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Epididymitis and Epididymo-orchitis

By

Patrick J. Shenot

, MD, Sidney Kimmel Medical College at Thomas Jefferson University

Last full review/revision Aug 2019| Content last modified Aug 2019
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Epididymitis is inflammation of the epididymis (the coiled tube on top of the testis that provides the space and environment for sperm to mature), and epididymo-orchitis is inflammation of the epididymis and testes.

  • Men may have swelling and tenderness or pain.

  • Epididymitis and epididymo-orchitis are diagnosed by physical examination, urinalysis, and sometimes Doppler ultrasonography.

  • Treatment includes antibiotics taken by mouth, bed rest, pain relievers, and ice packs applied to the scrotum.

Epididymitis and epididymo-orchitis are usually caused by a bacterial infection. Infection can result from surgery, the insertion of a catheter into the bladder, or the spread of infections from elsewhere in the urinary tract. Sometimes, the cause is a sexually transmitted disease. Rare causes include infection by certain viruses or fungi.

Sometimes there is no infection of any kind. In such cases, doctors believe the epididymis becomes inflamed by reverse flow of urine into the epididymis, perhaps because of straining (as when men lift something very heavy).

Symptoms

Symptoms of epididymitis and epididymo-orchitis include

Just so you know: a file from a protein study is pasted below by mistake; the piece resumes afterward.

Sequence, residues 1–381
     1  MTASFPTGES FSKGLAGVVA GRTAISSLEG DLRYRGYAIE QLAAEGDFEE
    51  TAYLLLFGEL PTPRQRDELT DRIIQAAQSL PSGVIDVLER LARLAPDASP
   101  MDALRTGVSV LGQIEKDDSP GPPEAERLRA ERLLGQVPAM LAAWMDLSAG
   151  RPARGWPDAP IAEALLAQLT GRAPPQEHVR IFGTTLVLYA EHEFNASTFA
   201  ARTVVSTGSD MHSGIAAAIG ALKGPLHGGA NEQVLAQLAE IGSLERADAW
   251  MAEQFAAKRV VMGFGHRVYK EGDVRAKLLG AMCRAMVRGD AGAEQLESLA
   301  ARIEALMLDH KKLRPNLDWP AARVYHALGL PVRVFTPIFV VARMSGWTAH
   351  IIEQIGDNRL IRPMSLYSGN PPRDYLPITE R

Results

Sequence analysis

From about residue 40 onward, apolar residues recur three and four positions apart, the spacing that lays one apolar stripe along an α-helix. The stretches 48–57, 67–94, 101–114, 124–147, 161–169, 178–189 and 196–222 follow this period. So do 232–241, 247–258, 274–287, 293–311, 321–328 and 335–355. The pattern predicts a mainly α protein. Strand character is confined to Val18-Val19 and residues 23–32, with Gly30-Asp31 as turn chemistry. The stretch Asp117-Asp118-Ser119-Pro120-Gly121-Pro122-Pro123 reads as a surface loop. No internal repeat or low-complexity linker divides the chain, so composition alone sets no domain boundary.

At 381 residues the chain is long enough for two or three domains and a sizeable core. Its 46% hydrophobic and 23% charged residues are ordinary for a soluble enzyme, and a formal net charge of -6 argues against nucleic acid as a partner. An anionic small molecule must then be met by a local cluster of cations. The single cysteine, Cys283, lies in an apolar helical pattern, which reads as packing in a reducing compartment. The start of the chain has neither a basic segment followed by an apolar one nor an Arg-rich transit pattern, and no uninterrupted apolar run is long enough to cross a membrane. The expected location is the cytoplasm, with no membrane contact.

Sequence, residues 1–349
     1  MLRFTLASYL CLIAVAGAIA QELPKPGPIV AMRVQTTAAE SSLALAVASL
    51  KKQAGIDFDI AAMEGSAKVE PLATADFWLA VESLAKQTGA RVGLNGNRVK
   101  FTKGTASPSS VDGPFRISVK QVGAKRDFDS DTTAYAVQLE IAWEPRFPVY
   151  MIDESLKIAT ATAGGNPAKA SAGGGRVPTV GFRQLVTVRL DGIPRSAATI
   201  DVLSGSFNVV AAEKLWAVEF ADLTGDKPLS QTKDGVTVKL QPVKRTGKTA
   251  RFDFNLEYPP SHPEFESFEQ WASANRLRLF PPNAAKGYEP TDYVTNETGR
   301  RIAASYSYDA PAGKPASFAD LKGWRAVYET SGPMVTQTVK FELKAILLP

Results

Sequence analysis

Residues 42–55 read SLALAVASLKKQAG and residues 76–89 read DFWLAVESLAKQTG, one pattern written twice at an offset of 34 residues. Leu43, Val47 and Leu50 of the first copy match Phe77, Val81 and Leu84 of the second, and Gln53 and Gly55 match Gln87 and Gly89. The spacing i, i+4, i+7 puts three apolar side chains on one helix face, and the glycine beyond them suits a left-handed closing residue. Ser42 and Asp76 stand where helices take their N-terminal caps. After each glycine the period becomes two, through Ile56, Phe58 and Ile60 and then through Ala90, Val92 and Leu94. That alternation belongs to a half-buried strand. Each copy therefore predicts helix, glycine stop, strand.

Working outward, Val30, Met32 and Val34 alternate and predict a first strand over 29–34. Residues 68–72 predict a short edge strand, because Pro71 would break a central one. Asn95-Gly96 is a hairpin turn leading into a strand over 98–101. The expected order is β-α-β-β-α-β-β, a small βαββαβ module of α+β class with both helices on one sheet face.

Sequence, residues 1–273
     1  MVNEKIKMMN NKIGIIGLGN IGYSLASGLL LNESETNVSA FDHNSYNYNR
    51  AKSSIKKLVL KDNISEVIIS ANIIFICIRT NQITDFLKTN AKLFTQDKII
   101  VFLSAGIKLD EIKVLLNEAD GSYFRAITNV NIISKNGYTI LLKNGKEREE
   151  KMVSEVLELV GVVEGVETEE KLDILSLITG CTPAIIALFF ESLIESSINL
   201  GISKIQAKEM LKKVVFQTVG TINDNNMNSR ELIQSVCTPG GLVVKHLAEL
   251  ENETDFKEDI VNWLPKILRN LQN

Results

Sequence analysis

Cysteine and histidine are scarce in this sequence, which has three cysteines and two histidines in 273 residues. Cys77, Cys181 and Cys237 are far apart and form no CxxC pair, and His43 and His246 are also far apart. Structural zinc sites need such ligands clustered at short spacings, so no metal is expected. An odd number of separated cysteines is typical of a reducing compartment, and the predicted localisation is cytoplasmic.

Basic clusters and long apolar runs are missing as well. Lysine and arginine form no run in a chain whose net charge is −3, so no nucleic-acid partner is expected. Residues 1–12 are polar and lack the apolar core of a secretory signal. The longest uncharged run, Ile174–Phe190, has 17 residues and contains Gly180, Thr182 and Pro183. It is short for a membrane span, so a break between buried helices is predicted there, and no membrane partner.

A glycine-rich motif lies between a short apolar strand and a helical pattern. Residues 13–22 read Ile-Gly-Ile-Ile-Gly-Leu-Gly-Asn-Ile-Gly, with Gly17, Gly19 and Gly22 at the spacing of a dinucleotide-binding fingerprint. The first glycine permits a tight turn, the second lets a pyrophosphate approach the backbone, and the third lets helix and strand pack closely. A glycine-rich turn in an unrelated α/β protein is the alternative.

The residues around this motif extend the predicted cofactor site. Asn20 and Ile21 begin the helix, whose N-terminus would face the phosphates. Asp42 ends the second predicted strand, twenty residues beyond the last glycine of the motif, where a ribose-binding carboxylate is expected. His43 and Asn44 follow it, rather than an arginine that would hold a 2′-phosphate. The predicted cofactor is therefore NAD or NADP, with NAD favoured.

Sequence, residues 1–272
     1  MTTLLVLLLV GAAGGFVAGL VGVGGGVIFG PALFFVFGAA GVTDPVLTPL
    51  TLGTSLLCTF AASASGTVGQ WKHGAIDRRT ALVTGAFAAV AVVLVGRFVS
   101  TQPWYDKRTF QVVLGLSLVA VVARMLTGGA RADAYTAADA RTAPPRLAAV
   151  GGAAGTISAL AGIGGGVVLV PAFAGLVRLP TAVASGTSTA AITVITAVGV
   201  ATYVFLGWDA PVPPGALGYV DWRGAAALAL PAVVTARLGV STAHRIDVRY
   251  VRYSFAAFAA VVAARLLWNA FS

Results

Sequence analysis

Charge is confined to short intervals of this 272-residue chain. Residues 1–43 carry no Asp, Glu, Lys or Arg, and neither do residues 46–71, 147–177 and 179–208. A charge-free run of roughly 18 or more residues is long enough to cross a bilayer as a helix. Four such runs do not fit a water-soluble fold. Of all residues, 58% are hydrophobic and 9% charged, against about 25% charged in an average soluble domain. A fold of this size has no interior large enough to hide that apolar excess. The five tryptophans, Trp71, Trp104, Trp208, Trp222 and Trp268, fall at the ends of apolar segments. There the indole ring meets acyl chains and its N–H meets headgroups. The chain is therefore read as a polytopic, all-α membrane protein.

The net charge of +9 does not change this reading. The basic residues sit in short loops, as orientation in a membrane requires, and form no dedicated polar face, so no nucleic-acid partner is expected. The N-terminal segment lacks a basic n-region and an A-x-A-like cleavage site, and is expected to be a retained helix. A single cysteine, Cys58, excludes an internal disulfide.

• Swelling and tenderness of the affected area

  • Fluid around the testes (hydrocele)

  • Fever (sometimes)

The pain may become constant and severe. If the cause is a sexually transmitted disease, a discharge may be present. Rarely, an abscess (collection of pus) that feels like a soft lump develops in the scrotum.

Diagnosis

  • A doctor's evaluation

  • Urinalysis

Epididymitis and epididymo-orchitis are diagnosed by physical examination and urinalysis. Doppler ultrasonography is sometimes used to assess blood flow to the testes.

Treatment

  • Antibiotics

  • Bed rest

  • Measures to relieve pain

Epididymitis and epididymo-orchitis are usually treated with antibiotics taken by mouth, bed rest, pain relievers, and ice packs applied to the scrotum. Immobilizing the scrotum with a jockstrap decreases pain from repetitive, minor bumps.

Abscesses usually require surgical drainage.

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